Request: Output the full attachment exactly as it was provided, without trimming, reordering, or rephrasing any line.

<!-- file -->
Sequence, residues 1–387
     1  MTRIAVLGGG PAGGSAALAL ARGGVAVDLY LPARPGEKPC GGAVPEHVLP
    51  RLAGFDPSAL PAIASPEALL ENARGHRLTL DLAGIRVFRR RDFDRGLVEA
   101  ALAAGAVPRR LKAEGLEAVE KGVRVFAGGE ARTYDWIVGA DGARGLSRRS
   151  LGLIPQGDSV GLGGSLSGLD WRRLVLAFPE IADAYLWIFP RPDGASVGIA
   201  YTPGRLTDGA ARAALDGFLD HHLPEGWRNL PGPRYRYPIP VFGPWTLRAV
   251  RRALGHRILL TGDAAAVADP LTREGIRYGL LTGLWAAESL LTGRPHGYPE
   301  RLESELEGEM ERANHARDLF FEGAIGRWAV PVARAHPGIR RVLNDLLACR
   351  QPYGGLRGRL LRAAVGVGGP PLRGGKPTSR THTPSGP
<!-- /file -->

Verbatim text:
Sequence, residues 1–387
     1  MTRIAVLGGG PAGGSAALAL ARGGVAVDLY LPARPGEKPC GGAVPEHVLP
    51  RLAGFDPSAL PAIASPEALL ENARGHRLTL DLAGIRVFRR RDFDRGLVEA
   101  ALAAGAVPRR LKAEGLEAVE KGVRVFAGGE ARTYDWIVGA DGARGLSRRS
   151  LGLIPQGDSV GLGGSLSGLD WRRLVLAFPE IADAYLWIFP RPDGASVGIA
   201  YTPGRLTDGA ARAALDGFLD HHLPEGWRNL PGPRYRYPIP VFGPWTLRAV
   251  RRALGHRILL TGDAAAVADP LTREGIRYGL LTGLWAAESL LTGRPHGYPE
   301  RLESELEGEM ERANHARDLF FEGAIGRWAV PVARAHPGIR RVLNDLLACR
   351  QPYGGLRGRL LRAAVGVGGP PLRGGKPTSR THTPSGP